A stronger-than-expected jobs report Friday that featured an unemployment rate below 6 percent for the first time in more than six years eased concerns about a softening economy but highlighted moribund wage growth.
Employers added a robust 248,000 jobs in September, pushing the unemployment rate down two-tenths of a percentage point to 5.9 percent, the Labor Department said. That’s the lowest it’s been since June 2008.
The strong numbers followed a weak August, in which just 142,000 jobs were thought to have been added. The Bureau of Labor Statistics revised that number Friday to 180,000, and July’s preliminary number was revised up by 31,000 jobs to 243,000. The revisions suggest the economy enjoyed more tail winds than had first been thought.
“Job gains in October were robust, and upward revisions to previous months show that the job market is in full swing,” said Mark Zandi, the chief economist for forecaster Moody’s Analytics.
Factoring in the monthly variability, job growth is now closer to about 225,000 per month, he said.
“At this pace of job growth, the unemployed and underemployed are quickly being fully employed,” Zandi said. “Also encouraging is the breadth of the job gains across industries and across all pay scales. The increase in hours worked per week is a positive leading indicator for continued strong gains.”
The report wasn’t without concerns. Wage growth was flat in September, and for August it was revised up just a tenth of a percentage point. It meant that year-over-year wage growth slowed to 2 percent in September from 2.1 percent in August.
“Wage growth has remained stubbornly low despite the drop in the unemployment rate, suggesting that perhaps labor market conditions are indeed weaker than suggested by the headline unemployment rate,” noted Michelle Meyer, a senior economist with Bank of America Merrill Lynch.
One explanation, she offered in an investor note, is that many firms didn’t cut wages during the recession and thus may not feel the need to raise them now amid an improving labor market.
As the last jobs report before the November midterm elections, the report’s timing was opportune for the Obama administration as it tries to talk up the improving economy. Just Thursday, in a speech on the economy, President Barack Obama declared, “By every economic measure, we are better off now than when I took office.”
Obama addressed the jobs report Friday at a visit to a manufacturing plant in Princeton, Ind., saying the U.S. was “on pace for the strongest job growth since the 1990s.” He said the U.S. had now put more people back to work than Europe, Japan and all other advanced economies combined.
“This progress we’ve been making has been hard – it goes in fits and starts and it’s not always perfectly smooth or as fast as we want – but it is real,” he said. “It is steady and it is happening.”
The manufacturing sector played an important role in the economic rebound of recent years. But over the past few months it has lagged as hiring was unchanged in August and up by just 4,000 jobs in September.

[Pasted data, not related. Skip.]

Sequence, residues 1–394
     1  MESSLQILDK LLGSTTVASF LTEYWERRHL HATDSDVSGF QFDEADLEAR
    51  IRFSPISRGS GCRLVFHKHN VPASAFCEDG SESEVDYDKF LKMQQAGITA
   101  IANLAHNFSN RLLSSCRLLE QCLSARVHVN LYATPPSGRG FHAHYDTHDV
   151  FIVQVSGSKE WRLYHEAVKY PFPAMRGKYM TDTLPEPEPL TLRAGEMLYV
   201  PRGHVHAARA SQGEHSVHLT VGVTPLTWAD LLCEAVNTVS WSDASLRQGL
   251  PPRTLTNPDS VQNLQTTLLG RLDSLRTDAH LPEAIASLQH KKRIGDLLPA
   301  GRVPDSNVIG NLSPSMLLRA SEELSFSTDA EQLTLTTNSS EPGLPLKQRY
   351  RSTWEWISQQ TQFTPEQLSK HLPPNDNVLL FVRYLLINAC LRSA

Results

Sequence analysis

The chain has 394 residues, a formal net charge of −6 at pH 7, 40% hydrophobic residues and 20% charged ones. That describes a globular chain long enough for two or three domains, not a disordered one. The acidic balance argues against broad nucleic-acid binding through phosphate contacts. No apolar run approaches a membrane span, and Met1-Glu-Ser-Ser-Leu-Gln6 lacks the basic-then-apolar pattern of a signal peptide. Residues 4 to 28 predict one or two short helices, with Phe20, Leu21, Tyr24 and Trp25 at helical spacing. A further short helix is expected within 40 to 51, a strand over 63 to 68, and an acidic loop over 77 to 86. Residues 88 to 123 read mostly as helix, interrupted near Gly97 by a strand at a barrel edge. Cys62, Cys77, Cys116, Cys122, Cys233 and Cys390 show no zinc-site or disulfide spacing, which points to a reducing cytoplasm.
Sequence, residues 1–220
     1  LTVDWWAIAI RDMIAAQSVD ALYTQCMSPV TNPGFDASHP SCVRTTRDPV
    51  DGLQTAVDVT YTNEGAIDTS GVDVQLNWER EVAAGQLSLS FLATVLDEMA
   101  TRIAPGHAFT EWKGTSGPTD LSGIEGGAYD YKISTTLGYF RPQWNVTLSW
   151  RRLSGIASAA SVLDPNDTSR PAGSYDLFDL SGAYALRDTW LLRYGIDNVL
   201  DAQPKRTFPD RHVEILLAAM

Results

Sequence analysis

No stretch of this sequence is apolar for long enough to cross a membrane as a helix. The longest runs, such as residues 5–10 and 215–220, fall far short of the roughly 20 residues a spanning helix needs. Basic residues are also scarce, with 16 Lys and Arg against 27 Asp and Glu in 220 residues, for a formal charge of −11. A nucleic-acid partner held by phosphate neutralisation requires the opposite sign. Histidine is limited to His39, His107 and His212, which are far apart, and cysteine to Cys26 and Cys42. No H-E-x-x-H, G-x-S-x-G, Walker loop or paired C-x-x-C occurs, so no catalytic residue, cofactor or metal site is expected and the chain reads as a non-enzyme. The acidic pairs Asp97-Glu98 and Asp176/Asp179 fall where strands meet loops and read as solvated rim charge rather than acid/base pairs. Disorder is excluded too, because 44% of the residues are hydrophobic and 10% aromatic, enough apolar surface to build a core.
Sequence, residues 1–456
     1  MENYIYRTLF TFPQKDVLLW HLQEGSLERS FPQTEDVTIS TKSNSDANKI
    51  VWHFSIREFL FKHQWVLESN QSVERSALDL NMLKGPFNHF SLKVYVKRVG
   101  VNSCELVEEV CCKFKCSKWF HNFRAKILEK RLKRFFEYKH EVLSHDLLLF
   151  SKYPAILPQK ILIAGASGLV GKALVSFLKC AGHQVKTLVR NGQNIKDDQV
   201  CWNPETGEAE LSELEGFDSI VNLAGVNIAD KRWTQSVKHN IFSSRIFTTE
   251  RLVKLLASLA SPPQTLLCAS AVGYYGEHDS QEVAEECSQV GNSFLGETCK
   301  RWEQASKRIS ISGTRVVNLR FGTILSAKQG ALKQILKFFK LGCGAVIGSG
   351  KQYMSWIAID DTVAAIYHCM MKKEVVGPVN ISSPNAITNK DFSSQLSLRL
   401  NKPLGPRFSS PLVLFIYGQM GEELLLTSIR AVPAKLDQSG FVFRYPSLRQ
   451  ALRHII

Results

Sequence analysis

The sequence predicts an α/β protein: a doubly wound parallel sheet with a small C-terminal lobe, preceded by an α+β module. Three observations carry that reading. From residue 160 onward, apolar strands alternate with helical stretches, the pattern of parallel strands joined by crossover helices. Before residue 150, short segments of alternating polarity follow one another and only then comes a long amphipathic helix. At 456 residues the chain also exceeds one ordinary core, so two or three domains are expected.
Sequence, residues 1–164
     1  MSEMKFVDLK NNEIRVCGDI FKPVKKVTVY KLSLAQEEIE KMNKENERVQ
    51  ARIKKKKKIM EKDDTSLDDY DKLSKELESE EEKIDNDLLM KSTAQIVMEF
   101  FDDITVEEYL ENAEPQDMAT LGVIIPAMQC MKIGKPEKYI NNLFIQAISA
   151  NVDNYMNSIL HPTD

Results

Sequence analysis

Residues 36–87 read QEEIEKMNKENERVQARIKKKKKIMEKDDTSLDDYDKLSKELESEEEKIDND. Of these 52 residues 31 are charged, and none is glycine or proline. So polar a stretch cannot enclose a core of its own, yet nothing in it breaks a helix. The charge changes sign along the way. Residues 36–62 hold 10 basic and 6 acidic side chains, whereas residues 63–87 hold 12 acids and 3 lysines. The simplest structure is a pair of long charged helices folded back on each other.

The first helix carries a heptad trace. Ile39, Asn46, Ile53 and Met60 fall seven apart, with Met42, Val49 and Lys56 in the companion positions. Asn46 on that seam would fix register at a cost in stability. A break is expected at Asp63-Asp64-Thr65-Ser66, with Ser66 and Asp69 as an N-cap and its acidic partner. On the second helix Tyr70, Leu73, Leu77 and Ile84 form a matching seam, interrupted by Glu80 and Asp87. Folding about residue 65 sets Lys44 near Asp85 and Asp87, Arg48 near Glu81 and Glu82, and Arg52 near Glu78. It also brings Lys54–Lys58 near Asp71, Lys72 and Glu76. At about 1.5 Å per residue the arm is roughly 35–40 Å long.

“Manufacturers remain mostly optimistic about demand and production, and recent data on hiring plans would seem to indicate stronger job growth that what these figures show,” said Chad Moutray, the chief economist for the National Association of Manufacturers. “Hopefully, we will begin to see healthier employment gains in the coming months. If not, this report . . . might dampen an otherwise positive expectation about the next few months.”
Within the numbers, the professional and business services sector led the way with 81,000 hires in September. After shedding jobs in August, retailers added more than 35,000 positions. The leisure and hospitality sector, a signpost for business and consumer spending, added 33,000 jobs.
“So far this year, private employment has risen by nearly 2 million, on pace for the strongest year of private-sector job growth since 1998,” Jason Furman, the chairman of the White House Council of Economic Advisers, said in his blog.
Interviewed on CNBC, Furman acknowledged that he didn’t expect to see a jobless rate below 6 percent during Obama’s second term and said unemployment was falling at nearly the “fastest pace in 30 years. This is really good news.”
Despite administration efforts to tout the economic rebound, however, polls show that most Americans say they don’t feel it.
“Part of that is that wage growth is still soft,” said Gus Faucher, senior economist for PNC Financial in Pittsburgh, who noted the wages continue growing barely above the rate of inflation. “People feel that they’re not getting ahead.”
There are also large numbers of people who’ve exited the workforce and have yet to come back, he said.
“The labor market is getting better, but we’re not at the point where people feel it’s a really good labor market,” said Faucher, who expects that to happen about a year from now. “Consumers are feeling better – they’re starting to spend more – and that creates further job growth.”
Significantly, the jobless rate didn’t fall in September because of more people leaving the labor force. The rate of participation in the workforce was little changed in September, at 62.7 percent, and the ratio between employment and the broader population stood at 59 percent for the fourth straight month, according to the Labor Department.
That both indicators were unchanged, albeit weaker than historical averages, means hiring brought down the unemployment rate.
“Businesses appear to be fully engaged in expanding their operations. They have ramped up their hiring and investment in recent months. All indications are this will continue,” said Zandi of Moody’s Analytics. “Unless the economy is derailed by events overseas or something out of left field, we should be back to full employment by late 2016.”
Lesley Clark contributed to this article.